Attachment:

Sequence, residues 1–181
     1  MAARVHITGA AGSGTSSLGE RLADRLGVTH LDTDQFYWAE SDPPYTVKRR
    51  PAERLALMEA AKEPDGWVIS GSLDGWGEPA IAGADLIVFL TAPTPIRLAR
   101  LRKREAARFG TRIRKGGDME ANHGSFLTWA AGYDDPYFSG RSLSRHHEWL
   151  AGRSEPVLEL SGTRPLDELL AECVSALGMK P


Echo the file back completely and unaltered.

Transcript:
Sequence, residues 1–181
     1  MAARVHITGA AGSGTSSLGE RLADRLGVTH LDTDQFYWAE SDPPYTVKRR
    51  PAERLALMEA AKEPDGWVIS GSLDGWGEPA IAGADLIVFL TAPTPIRLAR
   101  LRKREAARFG TRIRKGGDME ANHGSFLTWA AGYDDPYFSG RSLSRHHEWL
   151  AGRSEPVLEL SGTRPLDELL AECVSALGMK P